MINNESOTA -- Twins Elizabeth and Kathryn Girtler recently had the chance to thank the man whose selfless act saved their lives.
"They fell in love with him right away," mom Michelle Girtler, 43, of Minnesota City told ABC News today. "They took to him like they knew him their entire life. It was emotional, all of us were emotional. Lots of tears, a lot of gratitude."
The 9-year-old identical twins from Minnesota were born congenital amegakaryocytic thrombocytopenia (CAMT), a condition that prevented them from developing any blood platelets.
The only chance for a cure was a bone marrow transplant to alter the girls' DNA.
Michelle Girtler tells ABC News, "It meant that they didn't get to be normal children. Bumps and bruises and cuts harmed them because they didn't have the clotting agent to stop them from bleeding. Without the bone marrow transplant, their liver and everything was going to shut down.
"It was extremely dangerous," she added. "They could've died from it."
The twins' brother, LeeRoy, tested negative as a possible donor match, and mom explains that she and her husband could not donate bone marrow because they were carriers of CAMT.
Almost 4 years later, Elizabeth and Kathryn were signed up on Be the Match to be possible bone marrow recipients. About 90 days later, they received word that the girls had a match.
Elizabeth had the transplant first and Kathryn followed about a year later.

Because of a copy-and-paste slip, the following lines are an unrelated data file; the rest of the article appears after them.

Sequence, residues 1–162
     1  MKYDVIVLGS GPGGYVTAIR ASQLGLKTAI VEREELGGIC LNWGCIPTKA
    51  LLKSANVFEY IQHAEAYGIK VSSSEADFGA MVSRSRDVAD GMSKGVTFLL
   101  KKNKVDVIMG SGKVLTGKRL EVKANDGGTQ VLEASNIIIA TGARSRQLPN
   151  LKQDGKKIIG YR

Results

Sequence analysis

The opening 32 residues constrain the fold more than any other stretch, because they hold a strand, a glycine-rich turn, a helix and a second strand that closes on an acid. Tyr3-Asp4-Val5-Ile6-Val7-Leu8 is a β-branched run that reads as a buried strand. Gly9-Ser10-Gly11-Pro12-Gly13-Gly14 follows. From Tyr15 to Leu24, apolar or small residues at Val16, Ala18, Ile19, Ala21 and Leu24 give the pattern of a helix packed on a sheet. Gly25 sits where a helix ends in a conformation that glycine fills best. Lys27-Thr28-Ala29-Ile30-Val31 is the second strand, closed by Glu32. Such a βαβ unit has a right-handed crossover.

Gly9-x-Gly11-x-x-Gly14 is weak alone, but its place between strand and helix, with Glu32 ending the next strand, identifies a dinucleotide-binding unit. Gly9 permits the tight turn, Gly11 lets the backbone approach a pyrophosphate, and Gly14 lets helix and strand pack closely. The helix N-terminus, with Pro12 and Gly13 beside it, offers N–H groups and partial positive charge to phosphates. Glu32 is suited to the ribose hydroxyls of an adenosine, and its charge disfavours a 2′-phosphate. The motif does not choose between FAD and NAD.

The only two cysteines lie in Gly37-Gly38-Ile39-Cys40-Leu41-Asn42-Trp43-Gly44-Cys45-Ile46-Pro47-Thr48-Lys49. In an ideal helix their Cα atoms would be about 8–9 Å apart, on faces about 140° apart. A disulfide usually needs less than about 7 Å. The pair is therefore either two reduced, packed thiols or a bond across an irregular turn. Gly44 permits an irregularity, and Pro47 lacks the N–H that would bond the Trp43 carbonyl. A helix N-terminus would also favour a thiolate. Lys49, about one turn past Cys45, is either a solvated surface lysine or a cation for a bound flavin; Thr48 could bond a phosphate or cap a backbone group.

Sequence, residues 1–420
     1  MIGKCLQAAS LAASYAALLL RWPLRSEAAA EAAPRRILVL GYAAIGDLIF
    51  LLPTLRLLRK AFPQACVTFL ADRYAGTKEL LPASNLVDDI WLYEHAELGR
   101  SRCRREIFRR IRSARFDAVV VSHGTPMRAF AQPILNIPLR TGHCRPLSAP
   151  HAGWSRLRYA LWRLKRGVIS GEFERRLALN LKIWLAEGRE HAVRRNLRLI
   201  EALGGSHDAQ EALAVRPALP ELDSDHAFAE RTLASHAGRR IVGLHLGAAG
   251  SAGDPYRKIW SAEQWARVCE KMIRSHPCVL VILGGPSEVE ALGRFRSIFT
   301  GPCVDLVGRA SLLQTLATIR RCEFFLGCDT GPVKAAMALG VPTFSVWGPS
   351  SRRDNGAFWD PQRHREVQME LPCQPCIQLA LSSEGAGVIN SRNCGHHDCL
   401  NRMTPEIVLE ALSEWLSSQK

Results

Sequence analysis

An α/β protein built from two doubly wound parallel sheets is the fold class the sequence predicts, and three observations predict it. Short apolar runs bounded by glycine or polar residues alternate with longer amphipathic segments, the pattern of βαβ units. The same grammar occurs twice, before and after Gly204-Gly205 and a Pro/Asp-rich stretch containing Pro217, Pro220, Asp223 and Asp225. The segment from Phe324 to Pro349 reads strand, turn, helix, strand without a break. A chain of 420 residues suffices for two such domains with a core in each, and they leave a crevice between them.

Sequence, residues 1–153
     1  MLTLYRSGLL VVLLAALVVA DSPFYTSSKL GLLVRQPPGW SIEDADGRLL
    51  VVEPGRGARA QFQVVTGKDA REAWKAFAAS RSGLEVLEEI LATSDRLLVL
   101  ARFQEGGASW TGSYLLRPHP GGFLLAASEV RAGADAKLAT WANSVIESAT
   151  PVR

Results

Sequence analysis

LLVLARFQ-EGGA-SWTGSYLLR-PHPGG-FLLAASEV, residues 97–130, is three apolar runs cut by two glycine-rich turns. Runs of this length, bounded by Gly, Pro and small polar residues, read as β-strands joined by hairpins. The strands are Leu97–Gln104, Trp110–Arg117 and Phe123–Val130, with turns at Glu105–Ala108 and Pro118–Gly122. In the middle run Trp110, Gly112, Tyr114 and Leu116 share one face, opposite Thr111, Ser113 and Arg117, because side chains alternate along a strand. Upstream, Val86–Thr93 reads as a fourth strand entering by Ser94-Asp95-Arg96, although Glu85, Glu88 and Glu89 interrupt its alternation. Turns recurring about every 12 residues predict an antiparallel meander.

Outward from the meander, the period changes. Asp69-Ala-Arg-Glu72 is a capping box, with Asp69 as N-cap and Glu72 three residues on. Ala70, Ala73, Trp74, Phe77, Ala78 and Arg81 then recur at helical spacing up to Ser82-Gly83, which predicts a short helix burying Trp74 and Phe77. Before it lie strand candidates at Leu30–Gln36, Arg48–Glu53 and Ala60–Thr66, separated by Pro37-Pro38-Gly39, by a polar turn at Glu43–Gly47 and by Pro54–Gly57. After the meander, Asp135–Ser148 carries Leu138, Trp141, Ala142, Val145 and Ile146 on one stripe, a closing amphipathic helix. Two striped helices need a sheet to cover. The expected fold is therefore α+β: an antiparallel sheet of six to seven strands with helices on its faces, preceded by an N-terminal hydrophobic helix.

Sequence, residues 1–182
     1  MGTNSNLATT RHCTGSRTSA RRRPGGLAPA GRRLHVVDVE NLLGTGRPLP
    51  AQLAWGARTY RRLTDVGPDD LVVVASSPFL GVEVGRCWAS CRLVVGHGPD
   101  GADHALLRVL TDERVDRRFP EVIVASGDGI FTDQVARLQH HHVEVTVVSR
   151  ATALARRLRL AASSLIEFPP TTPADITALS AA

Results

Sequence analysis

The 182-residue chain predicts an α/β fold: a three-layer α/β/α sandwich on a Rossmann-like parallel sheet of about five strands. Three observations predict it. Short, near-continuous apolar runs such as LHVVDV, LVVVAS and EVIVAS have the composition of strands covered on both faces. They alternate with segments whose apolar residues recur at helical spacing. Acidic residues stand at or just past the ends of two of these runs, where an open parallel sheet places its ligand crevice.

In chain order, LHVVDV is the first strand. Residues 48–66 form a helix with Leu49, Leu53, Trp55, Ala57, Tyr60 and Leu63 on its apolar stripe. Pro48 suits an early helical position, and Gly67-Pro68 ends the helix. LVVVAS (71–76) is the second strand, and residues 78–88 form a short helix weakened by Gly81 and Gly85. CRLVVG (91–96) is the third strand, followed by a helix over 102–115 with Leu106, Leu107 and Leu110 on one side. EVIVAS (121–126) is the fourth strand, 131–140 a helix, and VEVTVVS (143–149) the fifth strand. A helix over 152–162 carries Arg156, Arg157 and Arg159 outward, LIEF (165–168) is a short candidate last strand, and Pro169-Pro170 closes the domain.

This year, Elizabeth and Kathryn's doctor submitted their story to Be the Match in hopes of setting up a meeting between them and their then anonymous donor.
The man, Ingo Gruda of Munster, Germany, was flown to Minnesota to meet with the girls. The three got acquainted, and celebrated the twins' good health.
Michelle Girtler and Gruda spoke through a translator. She says, "He had told us his story about when he got the phone call when he was at work. He's a construction worker and was on the scaffolding. He sat down and started to cry. That touched me."
"He said that someone asked if somebody got hurt and he said, 'No, someone's going to be reborn.' For me, that showed he knew the meaning of what he was doing."
Today, both girls are thriving and even danced with Gruda at a gala held during his visit.
Read the full story from ABC News.
9-year-old twin sisters dance with bone marrow donor who saved them